I like this one a lot. “Like” as in bought it as one of three in the travel set (the other two – Vetiver Tonka and Rose Ikebana; the fourth one went to a friend).
Have you tried it on the “relevant party”? It smells great on my vSO (but I like it on my skin as well).
I hope you aren’t upset too much: after all, it’s one less bottle to try fitting into the budget/bottles allowance/cupboard space/skin RE.
That might be a good idea to let the Husband try it…
But as you say, one less perfume to think about. 🙂
I think it’s a great idea too. Who knows, you might be pleasantly surprised 😉
I will. I just have to find a way to sneak it into his stash. 😉
Hm, I rather found it scary, but most probably only becasue I really don’t like licorice.
Odd combinations turn out strangely wonderful, sometimes – and than again, sometimes … just odd.
Very true. 🙂
I like licorice in perfume, but here it just doesn’t work for me.
I think this smells great on my husband. He has the travel spray as well as Paprika Brasil which is also great on him. I find lavender to be very masculine most of the time. Perhaps it has to do with the many years living in Buenos Aires and Rome and my family having Lavanda Puig on hand.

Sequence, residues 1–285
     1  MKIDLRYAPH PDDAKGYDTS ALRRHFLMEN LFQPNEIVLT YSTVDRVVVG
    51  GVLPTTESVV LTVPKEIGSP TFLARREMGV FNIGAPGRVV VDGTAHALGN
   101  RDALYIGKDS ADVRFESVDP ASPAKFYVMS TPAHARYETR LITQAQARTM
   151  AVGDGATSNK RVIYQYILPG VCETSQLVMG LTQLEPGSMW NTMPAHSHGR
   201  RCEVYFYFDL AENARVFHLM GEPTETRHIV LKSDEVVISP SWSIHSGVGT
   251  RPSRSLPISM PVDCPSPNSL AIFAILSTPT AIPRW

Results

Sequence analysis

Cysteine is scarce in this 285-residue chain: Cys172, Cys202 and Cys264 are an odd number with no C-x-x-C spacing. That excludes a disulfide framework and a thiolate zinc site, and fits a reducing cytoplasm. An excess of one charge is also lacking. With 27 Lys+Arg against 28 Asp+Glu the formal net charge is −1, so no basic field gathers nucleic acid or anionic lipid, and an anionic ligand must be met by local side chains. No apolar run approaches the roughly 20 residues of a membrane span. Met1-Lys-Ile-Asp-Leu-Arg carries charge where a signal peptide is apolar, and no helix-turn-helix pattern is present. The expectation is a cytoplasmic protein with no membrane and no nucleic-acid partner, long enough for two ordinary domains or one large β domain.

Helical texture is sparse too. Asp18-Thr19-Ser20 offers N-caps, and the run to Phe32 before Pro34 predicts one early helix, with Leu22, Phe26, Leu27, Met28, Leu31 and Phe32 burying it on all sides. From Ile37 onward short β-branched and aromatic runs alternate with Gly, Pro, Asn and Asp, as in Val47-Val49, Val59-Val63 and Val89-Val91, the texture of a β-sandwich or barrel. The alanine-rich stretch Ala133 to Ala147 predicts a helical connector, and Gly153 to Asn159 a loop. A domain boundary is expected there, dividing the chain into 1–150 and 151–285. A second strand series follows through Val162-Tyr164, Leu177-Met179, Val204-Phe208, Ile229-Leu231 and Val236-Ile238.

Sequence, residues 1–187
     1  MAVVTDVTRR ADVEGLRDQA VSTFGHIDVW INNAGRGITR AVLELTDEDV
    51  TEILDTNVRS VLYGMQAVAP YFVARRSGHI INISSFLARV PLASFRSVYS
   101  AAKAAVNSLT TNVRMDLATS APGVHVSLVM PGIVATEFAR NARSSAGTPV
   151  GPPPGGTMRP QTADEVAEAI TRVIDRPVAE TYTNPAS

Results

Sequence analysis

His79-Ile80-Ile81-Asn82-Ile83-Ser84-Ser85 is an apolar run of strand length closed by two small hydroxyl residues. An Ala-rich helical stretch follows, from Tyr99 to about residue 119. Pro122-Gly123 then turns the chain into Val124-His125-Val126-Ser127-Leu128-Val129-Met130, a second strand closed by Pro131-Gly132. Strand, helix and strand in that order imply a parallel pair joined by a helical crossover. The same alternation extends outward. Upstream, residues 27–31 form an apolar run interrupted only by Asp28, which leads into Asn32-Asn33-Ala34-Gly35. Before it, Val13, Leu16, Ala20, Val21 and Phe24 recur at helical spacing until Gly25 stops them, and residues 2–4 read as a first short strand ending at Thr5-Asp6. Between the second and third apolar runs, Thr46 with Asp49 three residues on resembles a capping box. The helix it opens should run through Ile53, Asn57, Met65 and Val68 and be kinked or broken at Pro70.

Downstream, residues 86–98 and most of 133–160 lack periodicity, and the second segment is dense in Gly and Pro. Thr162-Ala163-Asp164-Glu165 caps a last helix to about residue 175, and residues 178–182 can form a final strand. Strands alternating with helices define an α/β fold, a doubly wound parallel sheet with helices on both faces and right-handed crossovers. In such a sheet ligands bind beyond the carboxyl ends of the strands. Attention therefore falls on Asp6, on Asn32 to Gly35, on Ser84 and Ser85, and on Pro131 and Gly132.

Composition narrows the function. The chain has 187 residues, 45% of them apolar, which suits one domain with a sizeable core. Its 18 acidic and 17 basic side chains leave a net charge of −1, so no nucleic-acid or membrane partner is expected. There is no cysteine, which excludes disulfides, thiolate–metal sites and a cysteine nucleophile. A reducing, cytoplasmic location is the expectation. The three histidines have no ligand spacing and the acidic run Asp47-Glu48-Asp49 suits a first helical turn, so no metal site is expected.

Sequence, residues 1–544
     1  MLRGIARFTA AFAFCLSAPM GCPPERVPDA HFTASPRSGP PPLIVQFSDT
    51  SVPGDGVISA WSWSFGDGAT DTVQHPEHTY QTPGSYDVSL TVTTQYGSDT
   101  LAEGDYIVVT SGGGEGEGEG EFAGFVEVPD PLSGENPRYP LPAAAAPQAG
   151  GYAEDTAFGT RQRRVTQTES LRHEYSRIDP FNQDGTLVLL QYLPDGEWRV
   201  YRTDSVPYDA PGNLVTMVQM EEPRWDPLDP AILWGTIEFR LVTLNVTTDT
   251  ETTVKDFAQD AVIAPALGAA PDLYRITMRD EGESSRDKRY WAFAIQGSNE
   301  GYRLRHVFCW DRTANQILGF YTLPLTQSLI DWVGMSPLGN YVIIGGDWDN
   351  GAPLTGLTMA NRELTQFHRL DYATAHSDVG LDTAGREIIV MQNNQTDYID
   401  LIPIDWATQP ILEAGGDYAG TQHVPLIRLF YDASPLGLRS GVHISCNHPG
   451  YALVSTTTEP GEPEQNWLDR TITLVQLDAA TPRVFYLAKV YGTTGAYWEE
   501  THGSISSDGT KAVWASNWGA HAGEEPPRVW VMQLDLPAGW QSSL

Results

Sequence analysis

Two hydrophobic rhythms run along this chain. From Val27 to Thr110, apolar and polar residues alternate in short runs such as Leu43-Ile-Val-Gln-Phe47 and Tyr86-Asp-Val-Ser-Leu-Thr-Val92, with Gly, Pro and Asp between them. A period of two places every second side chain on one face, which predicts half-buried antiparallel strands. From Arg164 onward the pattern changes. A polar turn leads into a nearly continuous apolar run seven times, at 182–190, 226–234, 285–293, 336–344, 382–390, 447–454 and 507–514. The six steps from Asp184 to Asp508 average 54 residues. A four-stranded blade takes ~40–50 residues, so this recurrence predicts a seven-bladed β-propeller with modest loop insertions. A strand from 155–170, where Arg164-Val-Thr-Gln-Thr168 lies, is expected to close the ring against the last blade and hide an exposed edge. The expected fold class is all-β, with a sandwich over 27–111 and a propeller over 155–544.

In my mind lavender is quite gender neutral, although this one is probably best on a man.
I am definitely not a Lavender fan, and I am not wild about Licorice either, so I think I can quite happily cross this off the list. Phew – it feels quite nice to not be craving something!
It does! 😉
Haven’t tried it, and definitely a case of “weitraeumig umfahren” (“wide roomily drive around” ; – ) ) for me. Lavender *and* licorice – shudder! Those harsh poky sprigs were what killed Jersey for me!
Jersey’s opening seems quite soft and smooth in comparison. 😉 Weiträumig umfahren is a good idea…
That’s such an interesting idea about an unpleasant scent memory making us think we smell the offending odour for much longer than we actually do. It’s so true that those scents we really dislike seem to hang around the longest but never thought about in this way before. Kind of like flashbacks. Nice theory!
I think it is a logical explanation, I don’t know whether there are any studies on the phenomenon. But it makes sense to me… 🙂